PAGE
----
All these politicians, no matter what “party” they belong to, will continue to make promises they cannot keep, nor be of great benefit to the masses. Just look at their record in that regard.

  • dmj76

    Liberals are stupid?
    Do you really believe that?
    We might be wrong sometimes, but since we do not get our information directly from G-d’s mouth to our ears, we know that we can be wrong.
    How many Nobel prize winning physicists believe the earth is less than10,000 years old? Some of them might be relatively conservative, but how many are actual fundamentalist Republicans?

  • when it comes to politics/political candidates I have zero trust for them all because is only a politician that I have see that can 10,000 promises spent 4-8 in office and fulfill none,

  • Bernardo

    What happened to my comments about these guys and gal not having a chance in h-ell because of the S- Majority?

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  • Fran



  • George Nixon Shuler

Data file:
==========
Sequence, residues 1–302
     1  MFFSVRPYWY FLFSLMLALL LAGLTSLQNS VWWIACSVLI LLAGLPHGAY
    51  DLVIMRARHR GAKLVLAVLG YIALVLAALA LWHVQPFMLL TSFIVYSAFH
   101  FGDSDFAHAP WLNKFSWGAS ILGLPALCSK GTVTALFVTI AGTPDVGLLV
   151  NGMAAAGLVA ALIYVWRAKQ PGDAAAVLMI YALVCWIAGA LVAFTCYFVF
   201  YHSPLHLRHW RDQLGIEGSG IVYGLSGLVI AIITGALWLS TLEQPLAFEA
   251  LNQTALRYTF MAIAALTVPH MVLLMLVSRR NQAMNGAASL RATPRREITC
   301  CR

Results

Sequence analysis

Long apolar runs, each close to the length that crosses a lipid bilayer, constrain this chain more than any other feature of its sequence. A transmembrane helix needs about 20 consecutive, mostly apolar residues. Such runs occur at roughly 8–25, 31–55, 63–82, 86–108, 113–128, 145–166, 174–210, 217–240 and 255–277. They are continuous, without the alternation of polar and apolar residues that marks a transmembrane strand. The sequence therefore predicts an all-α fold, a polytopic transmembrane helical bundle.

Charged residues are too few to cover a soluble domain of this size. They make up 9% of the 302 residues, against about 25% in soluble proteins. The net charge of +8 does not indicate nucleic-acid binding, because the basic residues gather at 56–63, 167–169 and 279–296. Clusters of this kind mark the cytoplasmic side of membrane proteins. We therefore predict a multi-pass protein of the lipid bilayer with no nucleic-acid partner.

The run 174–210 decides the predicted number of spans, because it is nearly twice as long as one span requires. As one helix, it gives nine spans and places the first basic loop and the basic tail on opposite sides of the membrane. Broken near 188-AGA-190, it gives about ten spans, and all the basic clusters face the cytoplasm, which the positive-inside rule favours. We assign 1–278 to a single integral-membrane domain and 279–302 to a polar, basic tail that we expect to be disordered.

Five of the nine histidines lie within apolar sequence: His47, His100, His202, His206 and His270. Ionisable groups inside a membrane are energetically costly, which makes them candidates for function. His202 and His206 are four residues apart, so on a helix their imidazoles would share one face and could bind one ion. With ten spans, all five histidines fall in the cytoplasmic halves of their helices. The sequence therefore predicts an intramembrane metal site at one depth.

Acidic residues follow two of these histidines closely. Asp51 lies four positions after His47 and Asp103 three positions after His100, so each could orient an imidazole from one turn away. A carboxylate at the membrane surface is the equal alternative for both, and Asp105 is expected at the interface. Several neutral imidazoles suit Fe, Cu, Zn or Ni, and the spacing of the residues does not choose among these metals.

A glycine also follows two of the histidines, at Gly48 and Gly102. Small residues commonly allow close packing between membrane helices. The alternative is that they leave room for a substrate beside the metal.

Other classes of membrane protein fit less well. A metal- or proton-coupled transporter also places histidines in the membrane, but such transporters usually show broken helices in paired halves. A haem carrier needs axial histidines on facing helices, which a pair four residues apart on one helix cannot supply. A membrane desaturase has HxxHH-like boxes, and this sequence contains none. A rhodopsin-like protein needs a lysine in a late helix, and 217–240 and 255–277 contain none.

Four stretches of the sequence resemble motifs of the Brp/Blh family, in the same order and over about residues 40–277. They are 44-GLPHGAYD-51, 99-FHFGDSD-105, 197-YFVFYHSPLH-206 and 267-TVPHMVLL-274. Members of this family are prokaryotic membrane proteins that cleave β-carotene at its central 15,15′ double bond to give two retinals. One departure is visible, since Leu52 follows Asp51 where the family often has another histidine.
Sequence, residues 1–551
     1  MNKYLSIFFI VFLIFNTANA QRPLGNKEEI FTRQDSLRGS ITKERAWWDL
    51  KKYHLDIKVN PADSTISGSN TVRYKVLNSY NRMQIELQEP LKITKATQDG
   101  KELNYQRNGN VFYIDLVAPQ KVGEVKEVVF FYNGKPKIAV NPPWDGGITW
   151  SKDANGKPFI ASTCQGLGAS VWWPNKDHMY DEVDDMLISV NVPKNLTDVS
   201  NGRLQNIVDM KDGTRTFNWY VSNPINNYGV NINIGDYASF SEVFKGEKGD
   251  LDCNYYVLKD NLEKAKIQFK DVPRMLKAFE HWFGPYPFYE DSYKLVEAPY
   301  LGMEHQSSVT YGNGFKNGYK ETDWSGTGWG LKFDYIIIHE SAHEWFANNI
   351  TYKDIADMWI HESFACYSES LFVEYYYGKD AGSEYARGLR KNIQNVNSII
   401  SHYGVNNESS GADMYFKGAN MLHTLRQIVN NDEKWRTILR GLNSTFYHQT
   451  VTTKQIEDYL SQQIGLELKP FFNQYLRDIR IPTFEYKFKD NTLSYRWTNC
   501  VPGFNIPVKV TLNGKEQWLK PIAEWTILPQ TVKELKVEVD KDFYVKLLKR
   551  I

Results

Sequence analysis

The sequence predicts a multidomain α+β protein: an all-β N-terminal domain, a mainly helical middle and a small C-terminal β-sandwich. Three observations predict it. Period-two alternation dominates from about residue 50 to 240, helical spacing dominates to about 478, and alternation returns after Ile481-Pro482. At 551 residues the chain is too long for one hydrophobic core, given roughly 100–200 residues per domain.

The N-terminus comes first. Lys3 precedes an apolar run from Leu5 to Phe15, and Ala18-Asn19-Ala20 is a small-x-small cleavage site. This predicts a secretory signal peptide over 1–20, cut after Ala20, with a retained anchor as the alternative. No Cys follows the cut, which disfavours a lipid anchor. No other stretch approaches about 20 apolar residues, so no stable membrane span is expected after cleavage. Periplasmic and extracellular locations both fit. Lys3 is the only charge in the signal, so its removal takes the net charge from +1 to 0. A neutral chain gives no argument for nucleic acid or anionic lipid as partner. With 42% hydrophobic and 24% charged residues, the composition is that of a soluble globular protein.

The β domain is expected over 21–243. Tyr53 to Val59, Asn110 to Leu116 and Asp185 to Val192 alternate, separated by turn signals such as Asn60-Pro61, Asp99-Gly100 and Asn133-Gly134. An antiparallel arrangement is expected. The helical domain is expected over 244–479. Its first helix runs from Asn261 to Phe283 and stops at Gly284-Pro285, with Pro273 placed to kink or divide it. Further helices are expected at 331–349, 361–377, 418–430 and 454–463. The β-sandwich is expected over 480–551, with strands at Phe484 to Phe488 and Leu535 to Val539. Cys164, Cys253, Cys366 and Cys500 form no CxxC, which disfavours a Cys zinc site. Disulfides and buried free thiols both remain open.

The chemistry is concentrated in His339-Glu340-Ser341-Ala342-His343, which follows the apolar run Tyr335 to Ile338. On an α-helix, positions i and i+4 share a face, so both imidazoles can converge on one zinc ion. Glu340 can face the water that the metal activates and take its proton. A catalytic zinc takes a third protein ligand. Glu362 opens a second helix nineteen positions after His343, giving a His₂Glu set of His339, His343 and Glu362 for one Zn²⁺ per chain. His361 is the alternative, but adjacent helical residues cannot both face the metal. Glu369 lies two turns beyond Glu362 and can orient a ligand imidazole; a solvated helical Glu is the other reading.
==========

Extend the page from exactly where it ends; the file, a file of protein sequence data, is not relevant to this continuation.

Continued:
A real hell would have these boobs debating every night.

  • James

    the constitution is clear that we are guaranteed religious freedom. It also makes the point that religious freedom does not include the idea that the potential president of the United States gets to impose his/her personal spiritual ideaologys on an incredibly diverse population. That is shaira law. End of story. That alone should disqualify any candidate that admits to relying on their fath to make the best decision for the public.

  • Larry

    Despite the great numbers of candidates, few are worthy of votes. So there is not much left to do but watch the mass debating going on. 🙂

  • Larry